I mentioned a few of these things to the Marine as we talked. He seemed as curious about my time in as I was about his. I told him that when I had my physical, they had separated us into a room. We were in our underwear and holding our files. A clerk made the announcement that the government was ten percent short on their quota of Marines that month and that, when we heard our names, we were to fall out against the wall. I was ready. Had they called my name for the Marines, I was going to toss my file into the middle of the room and say “my address is in the file, you can come get me when you’re ready,” meaning to send me to jail. No way was I going into the Marines. Those guys were bona-fide crazy. The Marine laughed. He said they did the same thing when he joined but that he was already standing against that wall. He also told me something I had never heard from another person. He had been spit on when he returned. He was sitting in a bar in his Class A’s and this older lady walked up to him and asked if he had been in Viet Nam. He said yes and she spit on his ribbons. Now, I have read about such situations but never really believed. It certainly never happened to me. It happened to him, though, and he told us with a kind of broken voice, as if he had wished it just hadn’t happened. He said something to the effect that he hadn’t wanted a parade, he just wanted to go home.
If I have learned one thing it is that war is never just war. It invades everything you do and think and react to and even want. For us humans, it is ever present, at least in the good ol’ US of A, and I have come to accept though hate it. Right now I am still fighting the war only it has blurred into all war. I wish we could somehow find a way to stop but it seems to be part and parcel of our DNA. I hope I am gone before the planet blows. As a species, if there is a way to do it, we’ll find it.
Brian Cullman….. The videos
I have my favorites, for sure, and Brian Cullman is toward the top of the list. Here are four vids he told me I could use, so I will.
You have to understand that I am showing full restraint here. I write about Cullman all the time and I sometimes think I overdo it, but what the hell. Giving you the music without the hype is okay, isn’t it? Be sure and check out his albums— The Opposite of Time and All Fires the Fire. Really good stuff.
Notes….. Boo Ray? What the…? I need me some time to absorb this but it does not sound country to me, but then I have never considered what comes out of Nashville these days country, anyway. I’m pretty sure, though, that good music is good music no matter where it comes from. Love the slide guitar.
I just found out why the band is called Nocona. I am presently reading a book about Comancheria, a huge expanse of land in the Midwest, which was home to many Native American tribes back in the late-1870s and before. It speaks in detail of the decimation of Native Americans and the life and times of Quanah Parker, whose mother was a white woman kidnapped by one of the tribes and whose father was Peta Nocona, a legendary warrior and chief of the Nokoni band. Here is what Wiki has to say about him:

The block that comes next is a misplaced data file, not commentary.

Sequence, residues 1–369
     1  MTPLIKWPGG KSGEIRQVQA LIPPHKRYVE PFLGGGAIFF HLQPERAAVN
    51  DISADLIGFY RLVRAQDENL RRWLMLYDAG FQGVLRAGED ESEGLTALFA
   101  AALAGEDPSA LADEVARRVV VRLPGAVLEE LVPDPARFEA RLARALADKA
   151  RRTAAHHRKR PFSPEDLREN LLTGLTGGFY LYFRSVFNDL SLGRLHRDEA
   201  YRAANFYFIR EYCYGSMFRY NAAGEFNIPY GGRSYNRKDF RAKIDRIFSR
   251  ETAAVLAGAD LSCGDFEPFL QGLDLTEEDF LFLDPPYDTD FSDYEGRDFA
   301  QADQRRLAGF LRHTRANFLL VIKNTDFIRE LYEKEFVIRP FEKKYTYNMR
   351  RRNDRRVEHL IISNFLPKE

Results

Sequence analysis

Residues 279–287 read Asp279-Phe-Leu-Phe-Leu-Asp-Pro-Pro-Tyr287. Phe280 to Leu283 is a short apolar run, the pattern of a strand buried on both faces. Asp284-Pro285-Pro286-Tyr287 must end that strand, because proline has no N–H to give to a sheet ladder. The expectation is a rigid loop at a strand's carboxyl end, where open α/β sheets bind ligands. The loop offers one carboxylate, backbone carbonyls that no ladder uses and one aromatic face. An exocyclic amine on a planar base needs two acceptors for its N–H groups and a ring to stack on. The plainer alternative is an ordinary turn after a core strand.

Peta Nocona (dead ca. 1864) was a chief of the Comanche Quahadi band.
Peta Nocona was strictly linked to the Nokoni band, having taken his wife in this band. He led his tribe during the extensive Indian Wars in Texas since the late 1840s until the 1860s. He was the son of the Quahadi Comanche chief Pohebits-quasho (“Iron Jacket“) and father of chief Quanah Parker. He became so renowned that a diffuse but erroneus belief asserts that the Nokoni (or Wanderers, or Travellers) band, which long predated his birth, was named after him. The city of Nocona,Texas is named after the Quahadi leader.
The band has if not a connection a fascination for the history behind the man and the tribe, thus the name. And the book, which is fascinating (though one has to take into account the various sources of material which many times were hardly objective), is by S.C. Gwynne and is titled Empire of the Summer Moon.
While this video has nothing really to do with the statements above, here is the latest from Nocona. Needless to say, I would love to see these guys live.
In my estimation, Dan Phelps is a musician whose music and life will become part of music history. He is talented as hell, knows few boundaries (if any), and is very giving with his time and talent. Without him, it is doubtful I would have heard Claire Holley, whose Time In the Middle album has gotten steady airplay here at Casa Gutchola. This is one reason why:
That’s only one song of many worth hearing on the album. And here is something cool you should take time to hear and see— Holley herself talking about the making of the album.
I’m not really sure what my reaction to this video is yet. I like the music and the arrangement. If it doesn’t wear itself out, I think this could be big. Sophia Danai.
Holy Jesus! I swear Ryley Walker is the embodiment of every outstanding folkie from the seventies. After his last album, last year’s truly outstanding Primrose Green, he hands us a preview of the new one with a track titled The Roundabout, a song which overwhelms me with its seventies values and its present day sound. This, my friends, only happens once in awhile. Don’t pass up a chance to hear it now.
Floods? Floods? People in Winnipeg know all about ’em. Some incredible footage and a pretty damn good song to back it up. The Lost Chords!
Another arranging triumph. Bon Iver with The Staves.
Because beautiful is hard to beat. The Silver Lake Chorus. I love these guys!!!
And to cap it all off, a little Notary Sojac. These guys could play anything!
Frank’s column appears every Tuesday
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“Frank Gutch Jr. looks like Cary Grant, writes like Hemingway and smells like Pepe Le Pew. He has been thrown out of more hotels than Keith Moon, is only slightly less pompous than Garth Brooks and at one time got laid at least once a year (one year in a row). He has written for various publications, all of which have threatened to sue if mentioned in any of his columns, and takes pride in the fact that he has never been quoted. Read at your own peril.”